Thursday, September 14, 2017

How can I be sure? - And other questions about doubt, assurance and the Bible

by John Stevens
93 pages / 2014

Without a doubt, this book is sure to be useful for any Christian who wonders whether he or she believes, or whether what he or she has always believed is still true. The author John Stevens demonstrates just how many reasons for and types of doubt there are when, in the book's introduction, he gives eight portraits of Christians who lack assurance in their faith in some form or another.

What makes this gallery of doubters so effective is what Stevens does with it at the end of the book. First though, in five short chapters, broken up into sections of two to four pages, Stevens
  1. defines doubt in six significant ways;
  2. demonstrates five dangers of doubt;
  3. shows how someone can know he or she is a Christian - in both faith and life;
  4. describes five ways to deal with doubt, including understanding doubt's four root causes; and
  5. outlines six ways to strengthen your faith.
Four of the five chapters also deal briefly with more specific questions like:
  • How do I respond when friends fall away?
  • How can I be sure that God loves me?
  • What is the gift of faith mentioned in the Bible?
  • If God is the one who gives faith, why do I still have doubts?
To see just how helpful this book is, let's look at the answer to the first question, one that many in my own congregation are struggling with. If friends are falling away, Stevens tells us, we should do the following:
  1. Pray for them and seek to share the gospel with them again, urging them to come back to Christ. (Sadly, excommunication in our churches often ends all contact with the former members, rather than making that contact much more deliberate, intentional and lovingly corrective.)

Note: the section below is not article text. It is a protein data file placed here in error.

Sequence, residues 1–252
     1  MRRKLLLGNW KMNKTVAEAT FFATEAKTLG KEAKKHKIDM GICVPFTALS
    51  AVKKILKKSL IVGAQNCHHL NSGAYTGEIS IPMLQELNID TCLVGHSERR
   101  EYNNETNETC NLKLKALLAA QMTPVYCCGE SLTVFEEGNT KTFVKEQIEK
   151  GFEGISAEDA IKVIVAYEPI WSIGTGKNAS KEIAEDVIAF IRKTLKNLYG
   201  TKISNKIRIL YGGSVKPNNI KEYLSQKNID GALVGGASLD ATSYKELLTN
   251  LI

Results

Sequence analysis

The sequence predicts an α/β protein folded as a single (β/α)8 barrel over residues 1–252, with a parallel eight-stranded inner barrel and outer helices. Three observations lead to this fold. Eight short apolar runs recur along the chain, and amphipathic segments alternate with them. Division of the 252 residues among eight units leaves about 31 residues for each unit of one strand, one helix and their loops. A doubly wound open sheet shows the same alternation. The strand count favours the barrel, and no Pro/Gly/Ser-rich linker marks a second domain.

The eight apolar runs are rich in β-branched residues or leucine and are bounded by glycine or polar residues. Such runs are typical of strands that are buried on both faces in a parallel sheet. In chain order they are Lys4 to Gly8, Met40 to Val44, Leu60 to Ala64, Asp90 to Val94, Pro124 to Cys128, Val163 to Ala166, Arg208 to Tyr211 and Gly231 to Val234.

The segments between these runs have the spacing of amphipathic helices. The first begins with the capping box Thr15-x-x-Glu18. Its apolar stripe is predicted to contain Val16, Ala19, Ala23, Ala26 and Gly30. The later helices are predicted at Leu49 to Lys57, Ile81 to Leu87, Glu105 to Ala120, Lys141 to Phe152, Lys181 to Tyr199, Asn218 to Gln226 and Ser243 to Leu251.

2. Don't be surprised or think that God has failed them in some way. Stevens reminds us that unbelief is the responsibility of the individual.
  3. Make every effort to strengthen and protect our own faith, joining with other believers in prayer and studying God's word.
  4. Finally, the falling away of our friends should prompt us to examine our own doubts to be sure that they do not become unbelief.
Stevens' conclusion, as I hinted above, invites us to consider the doubters profiled in the introduction - why they are suffering with doubt, and how you could help them - and gives us his own view, as well as some final words of comfort and exhortation.

An appendix lists resources to help Christians struggling with doubts regarding science and God, history, suffering, homosexuality, the Bible, truth, and other questions. Two small notes for Reformed or non-British readers:
  • Stevens mentions his own doubts and change of heart about infant baptism now disagreeing with it, though he "respect[s] the views of Christians who come to a different conclusion."
  • A look at physical causes of doubt mentions PMT (a British version of PMS).
An edifying and comforting book! If you think that John Stevens has good answers to questions about doubt, assurance, and the Bible, you can purchase his book, at or

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